Strauss first stood in 1924, losing only narrowly, winning the seat in 1929, losing it in 1931 but winning it "for good" in 1934.
By then in his late 70s, he fully intended to carry on.
His power over the local party included owning its offices (which, he made clear, the CLP would lose if he was deselected) and using his personal secretary to run the local party.
"MPs would tend to stay on one parliament too many, or in some cases two or three," Mr Mullin says.
Complacency had set in, with CLPs in safe Labour constituencies becoming largely moribund.
By 1980, when the rule change was introduced, George Strauss had retired, taking the keys to the constituency office with him; perhaps he'd seen the writing on the wall.
Yet there were still plenty of Labour MPs who had been knocking around since the war; some, including John Parker in Dagenham, had been there since the 1930s.
Was it a purge?
Between 1979 and 1983, when the influence of the left was at its peak, that number fell.
How far it can be described as a purge, though, is questionable.
Mr Mullin argues that only one of the deselections that preceded the 1983 general election was ideological, that of Frank Hooley by the Sheffield Heeley CLP in 1983.
More typical was the dismissal of Frank Tomney in Hammersmith North.
The "crusty, old, far right" Mr Tomney - as the Guardian described him - was replaced by Clive Soley, a local councillor, to the left of Tomney certainly, but in Labour Party terms pretty mainstream.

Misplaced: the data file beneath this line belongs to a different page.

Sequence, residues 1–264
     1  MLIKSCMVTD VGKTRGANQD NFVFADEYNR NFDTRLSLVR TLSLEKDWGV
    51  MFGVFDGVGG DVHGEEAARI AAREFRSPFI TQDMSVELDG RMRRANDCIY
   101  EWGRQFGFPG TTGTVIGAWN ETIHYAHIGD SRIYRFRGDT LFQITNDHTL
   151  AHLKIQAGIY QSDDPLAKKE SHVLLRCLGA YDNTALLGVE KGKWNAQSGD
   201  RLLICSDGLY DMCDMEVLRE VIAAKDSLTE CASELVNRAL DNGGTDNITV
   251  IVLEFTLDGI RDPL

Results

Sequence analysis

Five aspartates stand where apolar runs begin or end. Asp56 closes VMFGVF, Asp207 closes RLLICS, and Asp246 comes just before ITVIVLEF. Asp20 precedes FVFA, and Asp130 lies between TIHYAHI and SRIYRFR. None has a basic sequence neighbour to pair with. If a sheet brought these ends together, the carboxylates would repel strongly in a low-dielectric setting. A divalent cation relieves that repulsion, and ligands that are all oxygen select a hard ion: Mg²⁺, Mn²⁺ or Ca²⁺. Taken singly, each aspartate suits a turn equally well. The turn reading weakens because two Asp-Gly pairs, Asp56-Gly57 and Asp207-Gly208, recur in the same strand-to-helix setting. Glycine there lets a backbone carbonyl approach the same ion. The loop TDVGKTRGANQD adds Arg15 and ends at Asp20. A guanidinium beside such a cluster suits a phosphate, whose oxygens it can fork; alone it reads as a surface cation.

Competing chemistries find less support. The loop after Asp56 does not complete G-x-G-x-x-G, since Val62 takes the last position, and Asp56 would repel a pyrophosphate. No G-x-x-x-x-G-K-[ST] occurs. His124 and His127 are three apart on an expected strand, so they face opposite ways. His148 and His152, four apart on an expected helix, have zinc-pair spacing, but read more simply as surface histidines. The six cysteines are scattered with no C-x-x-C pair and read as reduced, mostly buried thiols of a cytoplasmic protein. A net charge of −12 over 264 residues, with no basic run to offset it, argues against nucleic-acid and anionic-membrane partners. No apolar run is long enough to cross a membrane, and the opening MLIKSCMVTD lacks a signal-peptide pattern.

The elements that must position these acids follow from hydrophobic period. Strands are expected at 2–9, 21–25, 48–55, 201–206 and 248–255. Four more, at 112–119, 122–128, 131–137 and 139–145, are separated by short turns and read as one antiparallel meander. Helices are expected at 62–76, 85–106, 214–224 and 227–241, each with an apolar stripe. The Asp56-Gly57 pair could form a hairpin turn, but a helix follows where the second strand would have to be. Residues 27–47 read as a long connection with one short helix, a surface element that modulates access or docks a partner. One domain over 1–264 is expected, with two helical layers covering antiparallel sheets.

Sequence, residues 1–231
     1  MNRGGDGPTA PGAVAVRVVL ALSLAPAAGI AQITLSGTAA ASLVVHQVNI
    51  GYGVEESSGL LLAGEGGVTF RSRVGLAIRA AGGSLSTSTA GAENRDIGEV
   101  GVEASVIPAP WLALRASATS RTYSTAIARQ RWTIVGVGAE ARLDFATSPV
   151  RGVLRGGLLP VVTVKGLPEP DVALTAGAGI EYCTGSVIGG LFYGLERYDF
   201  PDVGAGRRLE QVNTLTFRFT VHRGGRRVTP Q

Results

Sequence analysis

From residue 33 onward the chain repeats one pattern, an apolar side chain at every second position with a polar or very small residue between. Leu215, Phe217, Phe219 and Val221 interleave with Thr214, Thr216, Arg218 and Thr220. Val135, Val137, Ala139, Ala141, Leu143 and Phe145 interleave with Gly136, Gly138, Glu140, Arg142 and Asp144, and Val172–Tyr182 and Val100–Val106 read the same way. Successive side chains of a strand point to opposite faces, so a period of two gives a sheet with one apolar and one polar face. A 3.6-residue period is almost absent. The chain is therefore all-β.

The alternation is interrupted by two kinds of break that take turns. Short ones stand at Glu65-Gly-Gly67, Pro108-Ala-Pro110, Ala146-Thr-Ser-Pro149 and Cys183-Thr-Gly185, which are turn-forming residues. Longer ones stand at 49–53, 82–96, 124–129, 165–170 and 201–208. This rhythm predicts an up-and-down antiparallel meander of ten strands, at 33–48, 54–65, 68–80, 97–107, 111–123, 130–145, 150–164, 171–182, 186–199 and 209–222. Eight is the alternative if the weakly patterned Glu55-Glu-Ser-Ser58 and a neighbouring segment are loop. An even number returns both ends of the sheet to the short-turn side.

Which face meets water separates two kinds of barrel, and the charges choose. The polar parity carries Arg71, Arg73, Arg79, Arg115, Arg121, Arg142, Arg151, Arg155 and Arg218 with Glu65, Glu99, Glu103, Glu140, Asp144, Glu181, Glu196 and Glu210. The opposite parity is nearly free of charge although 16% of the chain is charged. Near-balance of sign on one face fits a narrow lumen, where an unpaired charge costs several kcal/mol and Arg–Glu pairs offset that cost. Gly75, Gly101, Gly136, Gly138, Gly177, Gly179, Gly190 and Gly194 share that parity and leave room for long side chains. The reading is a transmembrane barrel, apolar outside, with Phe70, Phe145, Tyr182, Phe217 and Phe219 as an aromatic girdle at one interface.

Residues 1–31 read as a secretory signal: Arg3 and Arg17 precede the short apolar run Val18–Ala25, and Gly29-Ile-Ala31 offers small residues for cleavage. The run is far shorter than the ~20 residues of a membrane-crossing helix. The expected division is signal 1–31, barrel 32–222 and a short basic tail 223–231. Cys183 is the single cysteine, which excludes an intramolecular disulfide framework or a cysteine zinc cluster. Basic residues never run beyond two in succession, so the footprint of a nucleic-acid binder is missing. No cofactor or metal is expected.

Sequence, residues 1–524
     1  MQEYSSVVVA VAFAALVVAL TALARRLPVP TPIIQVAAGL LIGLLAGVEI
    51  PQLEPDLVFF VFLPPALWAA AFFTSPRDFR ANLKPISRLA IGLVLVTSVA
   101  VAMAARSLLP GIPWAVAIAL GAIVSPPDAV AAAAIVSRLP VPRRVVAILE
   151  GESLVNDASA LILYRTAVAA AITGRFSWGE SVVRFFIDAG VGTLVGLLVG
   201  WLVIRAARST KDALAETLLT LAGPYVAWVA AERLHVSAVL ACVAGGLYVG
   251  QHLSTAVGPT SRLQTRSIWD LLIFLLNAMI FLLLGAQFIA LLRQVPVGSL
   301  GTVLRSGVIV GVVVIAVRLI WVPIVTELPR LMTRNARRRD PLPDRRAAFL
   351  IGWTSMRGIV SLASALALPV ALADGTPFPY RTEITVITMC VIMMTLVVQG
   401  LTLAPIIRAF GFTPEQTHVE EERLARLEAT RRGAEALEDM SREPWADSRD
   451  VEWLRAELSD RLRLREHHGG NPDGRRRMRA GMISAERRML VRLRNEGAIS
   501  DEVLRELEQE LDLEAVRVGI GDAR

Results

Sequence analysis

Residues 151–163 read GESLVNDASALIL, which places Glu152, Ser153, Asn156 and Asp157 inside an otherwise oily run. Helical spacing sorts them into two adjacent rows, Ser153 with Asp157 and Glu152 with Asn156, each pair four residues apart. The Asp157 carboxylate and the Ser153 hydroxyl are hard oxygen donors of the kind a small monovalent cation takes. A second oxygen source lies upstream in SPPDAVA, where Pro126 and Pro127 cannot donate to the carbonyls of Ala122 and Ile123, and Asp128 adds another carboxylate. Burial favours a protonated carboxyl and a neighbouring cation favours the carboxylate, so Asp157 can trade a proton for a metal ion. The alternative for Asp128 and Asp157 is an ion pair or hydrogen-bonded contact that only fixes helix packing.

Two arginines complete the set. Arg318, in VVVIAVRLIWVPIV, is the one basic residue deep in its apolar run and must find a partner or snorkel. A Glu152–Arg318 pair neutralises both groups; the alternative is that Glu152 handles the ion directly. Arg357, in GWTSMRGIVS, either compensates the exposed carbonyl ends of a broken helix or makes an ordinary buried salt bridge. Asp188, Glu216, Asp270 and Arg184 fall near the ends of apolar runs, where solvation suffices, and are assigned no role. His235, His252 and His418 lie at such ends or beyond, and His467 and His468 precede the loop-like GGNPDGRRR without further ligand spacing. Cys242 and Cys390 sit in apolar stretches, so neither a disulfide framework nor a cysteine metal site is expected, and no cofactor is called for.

It may be that many MPs jumped first, fearing they would be pushed.
Certainly, the reselection threat may be one of the factors that led Labour MPs to defect to the SDP.
Mandatory reselection has been identified as one of the rules scrapped by Neil Kinnock as he dragged Labour towards the political centre.
In fact, it was restricted rather than removed. For an MP to be forced to fight for the party nomination in his or her constituency these days, there has to be a trigger ballot by the CLP.
Even then, the incumbent is guaranteed a place on the final shortlist.
Labour party rules on reselection:
If the sitting MP wishes to stand for re-election, a trigger ballot will be carried out through party units and affiliates according to NEC guidelines.
If the MP wins the trigger ballot he/she will, subject to NEC endorsement, be selected as the CLP's prospective parliamentary candidate.
If the MP fails to win the trigger ballot, he/she shall be eligible for nomination for selection as the prospective parliamentary candidate, and he/she shall be included in the shortlist of candidates from whom the selection shall be made.